Strumpet


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STRUMPET. A harlot, or courtesan: this word was formerly used as an addition. Jacob's Law Dict. h.t.

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Indeed, while the sixteen chapters of A Capital in Conflict attempt to contribute to a deeper understanding of Dublin in this turbulent period, if one wished to truly get a sense of its everyday lived experience, one could hardly improve upon the wonderful novel, Strumpet City, which has been reissued with a new dust-jacket and preface.
of a strumpet for the benefit of a vulgar audience and thus her identity
Lisa's usually got her hands full dealing with her pesky parents Sue and Barry (Shirley Valentine star Pauline Collins and comedy legend Bobby Ball), and getting local strumpet Bianca (Sian Reeves) to keep her hands off her husband.
There are exclusive brands like Carine Gilson, Nuits de Satin and Strumpet & Pink."
The struggle for trade union recognition inspired the writing of the outstanding novel Strumpet City.
Is it because you are a bit of a romantic and like to think of your girlfriend as a nice old-fashioned girl and not a strumpet...or are you worried that you may let her down in the sack?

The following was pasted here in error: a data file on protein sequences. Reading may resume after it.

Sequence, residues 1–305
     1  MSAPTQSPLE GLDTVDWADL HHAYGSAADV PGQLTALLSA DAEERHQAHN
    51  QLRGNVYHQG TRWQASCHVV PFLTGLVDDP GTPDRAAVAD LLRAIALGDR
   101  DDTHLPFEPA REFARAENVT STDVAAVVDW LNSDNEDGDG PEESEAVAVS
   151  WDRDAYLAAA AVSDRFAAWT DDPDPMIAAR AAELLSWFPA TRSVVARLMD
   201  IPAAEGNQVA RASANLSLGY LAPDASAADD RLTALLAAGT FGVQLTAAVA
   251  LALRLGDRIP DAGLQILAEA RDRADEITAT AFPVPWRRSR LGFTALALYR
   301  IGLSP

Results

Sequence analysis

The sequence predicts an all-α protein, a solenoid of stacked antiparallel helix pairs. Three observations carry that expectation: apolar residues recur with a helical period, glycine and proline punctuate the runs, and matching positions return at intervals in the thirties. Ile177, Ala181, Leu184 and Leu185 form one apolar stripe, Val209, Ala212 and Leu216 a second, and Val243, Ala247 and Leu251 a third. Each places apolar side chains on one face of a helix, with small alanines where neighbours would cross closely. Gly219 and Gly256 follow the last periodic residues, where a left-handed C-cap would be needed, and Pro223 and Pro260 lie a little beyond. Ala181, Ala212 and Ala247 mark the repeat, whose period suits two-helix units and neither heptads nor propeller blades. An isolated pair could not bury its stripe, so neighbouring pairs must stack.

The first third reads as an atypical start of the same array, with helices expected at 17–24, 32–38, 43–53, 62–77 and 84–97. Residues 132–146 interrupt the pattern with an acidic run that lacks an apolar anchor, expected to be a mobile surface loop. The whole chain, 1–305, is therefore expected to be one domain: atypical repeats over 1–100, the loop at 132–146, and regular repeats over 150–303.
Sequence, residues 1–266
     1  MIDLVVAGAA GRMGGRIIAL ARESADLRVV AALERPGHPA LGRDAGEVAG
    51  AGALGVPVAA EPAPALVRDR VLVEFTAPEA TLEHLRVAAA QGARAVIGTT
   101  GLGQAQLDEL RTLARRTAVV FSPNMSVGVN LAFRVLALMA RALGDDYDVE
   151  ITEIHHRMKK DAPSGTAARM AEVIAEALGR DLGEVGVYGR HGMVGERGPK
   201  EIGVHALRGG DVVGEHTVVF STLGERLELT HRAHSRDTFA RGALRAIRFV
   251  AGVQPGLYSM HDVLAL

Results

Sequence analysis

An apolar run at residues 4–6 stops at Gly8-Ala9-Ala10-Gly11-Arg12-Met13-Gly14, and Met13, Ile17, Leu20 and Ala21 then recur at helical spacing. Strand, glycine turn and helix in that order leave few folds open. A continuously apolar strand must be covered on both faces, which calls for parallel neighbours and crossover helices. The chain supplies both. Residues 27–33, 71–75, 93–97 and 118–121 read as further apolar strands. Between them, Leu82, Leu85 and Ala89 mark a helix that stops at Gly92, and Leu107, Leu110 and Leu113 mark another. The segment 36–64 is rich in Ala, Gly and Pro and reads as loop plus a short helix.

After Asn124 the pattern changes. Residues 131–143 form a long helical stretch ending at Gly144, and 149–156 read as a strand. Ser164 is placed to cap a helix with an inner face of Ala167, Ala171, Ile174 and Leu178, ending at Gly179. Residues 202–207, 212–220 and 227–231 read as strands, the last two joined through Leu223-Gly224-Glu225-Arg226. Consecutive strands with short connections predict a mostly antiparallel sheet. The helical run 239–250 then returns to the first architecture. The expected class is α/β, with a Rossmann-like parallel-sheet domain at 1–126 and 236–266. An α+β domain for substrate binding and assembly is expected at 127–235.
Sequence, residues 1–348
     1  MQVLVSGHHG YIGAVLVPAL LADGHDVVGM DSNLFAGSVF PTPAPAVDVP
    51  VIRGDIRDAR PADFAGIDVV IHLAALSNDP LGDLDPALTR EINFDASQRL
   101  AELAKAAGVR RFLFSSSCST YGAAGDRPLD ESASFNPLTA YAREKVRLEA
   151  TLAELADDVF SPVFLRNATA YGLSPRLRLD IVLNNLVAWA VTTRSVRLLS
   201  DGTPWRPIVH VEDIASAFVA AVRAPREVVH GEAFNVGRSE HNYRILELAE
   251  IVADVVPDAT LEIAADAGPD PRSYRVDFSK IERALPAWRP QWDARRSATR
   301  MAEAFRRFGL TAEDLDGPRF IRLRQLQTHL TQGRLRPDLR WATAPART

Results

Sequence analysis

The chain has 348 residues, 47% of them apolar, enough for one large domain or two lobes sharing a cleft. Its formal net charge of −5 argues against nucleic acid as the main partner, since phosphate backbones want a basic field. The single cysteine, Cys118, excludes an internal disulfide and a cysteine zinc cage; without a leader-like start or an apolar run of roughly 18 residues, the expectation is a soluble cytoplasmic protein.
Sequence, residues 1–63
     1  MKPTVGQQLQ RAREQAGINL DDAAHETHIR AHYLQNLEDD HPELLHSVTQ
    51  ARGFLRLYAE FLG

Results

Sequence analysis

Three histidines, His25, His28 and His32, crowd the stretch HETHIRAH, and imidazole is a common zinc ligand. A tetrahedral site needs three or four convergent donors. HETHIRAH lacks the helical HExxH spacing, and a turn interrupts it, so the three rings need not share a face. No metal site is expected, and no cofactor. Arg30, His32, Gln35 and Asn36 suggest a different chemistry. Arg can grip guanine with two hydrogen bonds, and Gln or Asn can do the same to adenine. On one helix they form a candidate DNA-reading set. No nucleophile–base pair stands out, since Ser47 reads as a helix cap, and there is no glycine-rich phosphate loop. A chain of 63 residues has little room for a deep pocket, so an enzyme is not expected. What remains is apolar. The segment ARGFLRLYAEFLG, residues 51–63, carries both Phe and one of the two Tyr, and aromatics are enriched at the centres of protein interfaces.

Strumpet has Christopher Eccle-ston as Strayman, a poet who's landlord to a pack of stray dogs and hooks up with Strumpet (Jenna G), a shy homeless girl with a gift for music.
as nobleman generally are" (book I, letter IV, 2), "A robust young man, who had been us'd to live on board gallies" (book II, letter XXVI, 11], and "A strumpet of eight-and-twenty years of age" (book II, letter XXVI, 13).
John Dunton claimed to have witnessed "a couple of sparks" enter a tavern "with a notorious strumpet" in 1696.
The Invention of the Human, "Troilus is no Romeo but only a witless version of Mercutio." Furthermore, Bloom wonders, "What [might] Cressida be except the Trojan strumpet?' Nevertheless, the critic is fascinated by this subversive and distinctively unheroic take on the Trojan War--a play rumored never to have been performed anywhere prior to the 20th century.
If our judges do not trust Justinian, they might invoke Shakespeare: in his Henry VI Part I, he shows Joan of Arc most unhistorically as a witch and a strumpet who "pleads her belly" when she has been condemned to be burned at the stake: